How you think about your money has a huge effect on how you spend it. So, it's weird that we often say we "own" something before we really do. Break that habit to get a better understanding of your own finances.
Photo by Zak Greant.
As personal finance site My Mixed Up Money explains, most of us probably don't fully own our homes, cars, or even some of our furniture. We say they're "ours" because who else's would they be? Except, until they're paid off, they're probably technically owned by a bank or other financial institution. Recognising this and calling it what it is can go a long way towards changing our mindsets about money:
When did we start to believe that everything we've put $500 towards is actually ours? I appreciate that you are excited about the new things you purchased over the weekend, I really am. But I'm also a little bit worried. Referring to something as your "own" is something that I am sure (not sure at all) was crafted by a really intelligent marketing and sales team.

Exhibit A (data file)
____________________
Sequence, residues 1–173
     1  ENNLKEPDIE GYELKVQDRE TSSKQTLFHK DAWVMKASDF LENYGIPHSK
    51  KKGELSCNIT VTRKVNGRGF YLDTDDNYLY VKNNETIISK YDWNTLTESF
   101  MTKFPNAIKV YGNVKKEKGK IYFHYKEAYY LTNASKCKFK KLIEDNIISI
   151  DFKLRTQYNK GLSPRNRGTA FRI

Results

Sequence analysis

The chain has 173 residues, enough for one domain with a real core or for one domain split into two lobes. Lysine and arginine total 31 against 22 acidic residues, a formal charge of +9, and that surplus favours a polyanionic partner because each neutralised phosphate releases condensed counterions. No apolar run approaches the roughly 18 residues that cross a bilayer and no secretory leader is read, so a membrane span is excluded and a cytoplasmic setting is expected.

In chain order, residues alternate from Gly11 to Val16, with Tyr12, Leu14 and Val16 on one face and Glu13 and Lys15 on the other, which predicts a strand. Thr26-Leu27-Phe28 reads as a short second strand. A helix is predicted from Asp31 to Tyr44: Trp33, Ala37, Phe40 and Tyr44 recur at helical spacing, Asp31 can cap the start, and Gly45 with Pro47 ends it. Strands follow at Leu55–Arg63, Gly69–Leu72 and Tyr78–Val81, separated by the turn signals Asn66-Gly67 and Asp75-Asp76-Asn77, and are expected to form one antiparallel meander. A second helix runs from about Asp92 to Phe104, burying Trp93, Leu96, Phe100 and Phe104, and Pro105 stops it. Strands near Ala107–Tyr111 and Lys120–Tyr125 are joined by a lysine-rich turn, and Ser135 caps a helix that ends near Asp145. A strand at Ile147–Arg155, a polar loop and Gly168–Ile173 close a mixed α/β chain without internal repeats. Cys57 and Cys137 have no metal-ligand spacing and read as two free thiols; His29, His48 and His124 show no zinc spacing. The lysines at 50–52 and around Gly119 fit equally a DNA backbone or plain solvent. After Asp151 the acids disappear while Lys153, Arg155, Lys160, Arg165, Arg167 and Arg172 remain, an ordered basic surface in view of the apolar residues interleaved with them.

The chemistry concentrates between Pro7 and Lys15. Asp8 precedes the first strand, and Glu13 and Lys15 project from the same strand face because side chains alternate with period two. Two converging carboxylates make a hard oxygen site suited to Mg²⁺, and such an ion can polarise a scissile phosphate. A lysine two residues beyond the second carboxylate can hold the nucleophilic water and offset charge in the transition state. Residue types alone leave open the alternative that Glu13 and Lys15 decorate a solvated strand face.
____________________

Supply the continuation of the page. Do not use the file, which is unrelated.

While it may sound silly, if you referred to your car as "the car I'm buying from the bank", or if you referred to your home as "the house the bank is letting me live in until I pay it off", you might think differently about borrowing money. Maybe buying clothes with a credit card, or buying a new car just because you don't like the look of this old one anymore wouldn't sound so attractive.
Or, if you've paid off some of your assets, maybe the sentence "I'm thinking of trading in my car for a new car that a bank will let me drive while I make payments for four years" wouldn't sound as appealing. That mental barrier can help keep you in check in a world that wants you to spend more money than you probably have.